The meeting is taking place amid inflation at its highest level in decades in major economies, including the United States, the United Kingdom and Europe.
These price increases have undermined consumer confidence and shaken global financial markets, prompting central banks, including the US Federal Reserve, to raise interest rates.
Meanwhile, the repercussions on the oil and food markets of Russia’s invasion of Ukraine in February – which Moscow describes as “a special military operation” – and the Covid-19 blockades in China, with no clear end, have exacerbated the tragedy.
“We have at least four crises, which are intertwined. We have high inflation … we have an energy crisis … we have food poverty and we have a climate crisis. And we can’t solve the problems if we focus only on one of the crises. one of the problems will not be solved, I am really afraid that we are facing a global recession with an extraordinary effect … on global stability “, said the German vice-chancellor Robert Habeck.
The International Monetary Fund (IMF) cut its global growth forecast last month for the second time this year, citing the war in Ukraine and highlighting inflation as “a clear and present danger” for many countries.
Speaking in Davos on Monday, IMF Managing Director Kristalina Georgieva said the war, tighter financial conditions and price shocks – especially for food – have clearly “overshadowed” the economic outlook, although she does not yet expect a recession. .
Asked at a roundtable if she expected a recession, Georgieva said: “No, not right now. That doesn’t mean it’s out of the question. “
European Central Bank (ECB) President Christine Lagarde, who is due to speak in Davos on Tuesday, warned that growth and inflation are on the opposite path, as rising price pressures limit economic activity and devastate households’ purchasing power.
“The Russia-Ukraine war could prove to be a crucial point for hyper-globalization. This could make supply chains less efficient for a while and, during the transition, could create more persistent cost pressures for the economy, “she said in a blog post on Monday.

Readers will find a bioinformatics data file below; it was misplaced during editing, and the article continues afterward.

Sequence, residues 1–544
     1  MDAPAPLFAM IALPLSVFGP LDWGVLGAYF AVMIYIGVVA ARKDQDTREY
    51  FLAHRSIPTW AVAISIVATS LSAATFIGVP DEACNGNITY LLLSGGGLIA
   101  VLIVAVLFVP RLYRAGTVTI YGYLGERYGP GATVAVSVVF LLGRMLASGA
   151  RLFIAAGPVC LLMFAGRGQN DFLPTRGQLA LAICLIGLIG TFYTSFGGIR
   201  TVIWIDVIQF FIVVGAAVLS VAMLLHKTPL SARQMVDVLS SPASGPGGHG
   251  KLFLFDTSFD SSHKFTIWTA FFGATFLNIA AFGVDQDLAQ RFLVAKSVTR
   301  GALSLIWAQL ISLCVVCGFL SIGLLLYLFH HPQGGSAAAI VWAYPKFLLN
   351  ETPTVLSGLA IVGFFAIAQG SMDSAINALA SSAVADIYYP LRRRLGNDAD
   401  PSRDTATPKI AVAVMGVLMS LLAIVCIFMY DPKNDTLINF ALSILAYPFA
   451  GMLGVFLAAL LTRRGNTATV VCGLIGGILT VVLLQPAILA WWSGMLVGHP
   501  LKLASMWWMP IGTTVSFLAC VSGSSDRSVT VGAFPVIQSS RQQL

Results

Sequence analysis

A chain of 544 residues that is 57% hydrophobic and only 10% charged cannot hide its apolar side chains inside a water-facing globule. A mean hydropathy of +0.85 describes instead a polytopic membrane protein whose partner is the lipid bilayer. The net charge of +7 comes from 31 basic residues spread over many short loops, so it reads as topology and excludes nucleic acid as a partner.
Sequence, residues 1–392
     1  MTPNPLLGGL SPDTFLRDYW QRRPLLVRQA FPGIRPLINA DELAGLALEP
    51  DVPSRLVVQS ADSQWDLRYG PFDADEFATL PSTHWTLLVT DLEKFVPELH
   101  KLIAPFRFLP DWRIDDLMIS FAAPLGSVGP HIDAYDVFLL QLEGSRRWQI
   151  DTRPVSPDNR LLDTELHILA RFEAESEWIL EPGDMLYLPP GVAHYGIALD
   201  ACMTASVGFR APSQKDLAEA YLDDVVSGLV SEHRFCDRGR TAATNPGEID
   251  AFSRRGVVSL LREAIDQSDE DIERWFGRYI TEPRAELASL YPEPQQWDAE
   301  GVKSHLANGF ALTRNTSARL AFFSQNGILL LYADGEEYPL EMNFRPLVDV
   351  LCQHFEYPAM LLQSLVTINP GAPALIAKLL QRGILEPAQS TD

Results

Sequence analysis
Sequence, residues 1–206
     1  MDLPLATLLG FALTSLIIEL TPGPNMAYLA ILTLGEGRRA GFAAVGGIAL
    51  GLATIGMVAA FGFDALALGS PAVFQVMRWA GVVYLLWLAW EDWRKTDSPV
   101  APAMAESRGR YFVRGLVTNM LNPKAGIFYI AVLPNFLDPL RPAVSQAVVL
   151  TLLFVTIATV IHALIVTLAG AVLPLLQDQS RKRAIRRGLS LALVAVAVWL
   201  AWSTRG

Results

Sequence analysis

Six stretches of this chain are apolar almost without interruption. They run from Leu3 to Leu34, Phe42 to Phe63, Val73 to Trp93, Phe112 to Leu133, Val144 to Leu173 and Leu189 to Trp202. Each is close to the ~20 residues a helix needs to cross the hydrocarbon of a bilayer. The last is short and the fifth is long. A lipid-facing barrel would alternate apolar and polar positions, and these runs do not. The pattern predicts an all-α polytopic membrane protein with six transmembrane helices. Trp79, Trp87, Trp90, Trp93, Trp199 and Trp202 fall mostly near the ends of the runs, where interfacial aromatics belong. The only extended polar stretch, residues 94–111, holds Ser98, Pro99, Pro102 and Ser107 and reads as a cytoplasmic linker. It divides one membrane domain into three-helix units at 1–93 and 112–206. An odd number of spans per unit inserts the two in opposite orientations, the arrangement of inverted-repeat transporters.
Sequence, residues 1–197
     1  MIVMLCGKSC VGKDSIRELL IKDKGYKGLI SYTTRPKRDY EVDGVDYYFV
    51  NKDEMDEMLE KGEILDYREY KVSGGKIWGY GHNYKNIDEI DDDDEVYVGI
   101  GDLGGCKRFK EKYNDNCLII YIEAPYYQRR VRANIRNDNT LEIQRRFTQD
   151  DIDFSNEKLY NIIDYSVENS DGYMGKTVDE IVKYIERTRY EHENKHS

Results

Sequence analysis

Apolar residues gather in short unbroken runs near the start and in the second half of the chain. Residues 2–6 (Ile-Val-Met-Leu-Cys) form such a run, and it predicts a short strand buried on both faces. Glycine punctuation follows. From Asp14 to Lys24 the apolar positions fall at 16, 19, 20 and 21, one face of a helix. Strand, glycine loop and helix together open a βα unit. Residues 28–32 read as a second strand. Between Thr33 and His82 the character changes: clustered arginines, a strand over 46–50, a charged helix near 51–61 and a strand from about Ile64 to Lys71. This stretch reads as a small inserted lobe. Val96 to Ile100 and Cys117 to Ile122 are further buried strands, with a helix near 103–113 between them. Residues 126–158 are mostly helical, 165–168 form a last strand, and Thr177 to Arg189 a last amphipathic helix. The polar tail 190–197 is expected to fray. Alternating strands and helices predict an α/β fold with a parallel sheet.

However, it essentially promised interest rate hikes in both July and September to stop inflation, even though rising borrowing costs will certainly affect growth.
“I knew, everyone knew from day one that this war was bad economic news. Less growth and more inflation. That’s the price we agreed to pay together to protect our values … It was worth paying this price, “said French politician Francois Villeroy de Galhau.
While the economic impact of the crisis in Ukraine is strongest in Europe, it is the US economy that is facing the biggest price pressures. The consumer price index rose from almost zero two years ago to a 40-year high of 8.5% in March.
The Fed responded earlier this month with the largest increase in key interest rates in 22 years, and President Jerome Powell reported increases of a similar magnitude – half a percentage point – in at least the next two meetings.
However, higher interest rates and expectations for more have not yet weakened consumer spending and a strong US labor market.
Key emerging markets, including China, are still expected to grow this year, albeit at a slower pace than previously expected.
Marcos Troyjo, president of the New Development Bank set up by Brazil, Russia, India, China and South Africa, said his bank still expects “solid growth” this year in China, India and Brazil.
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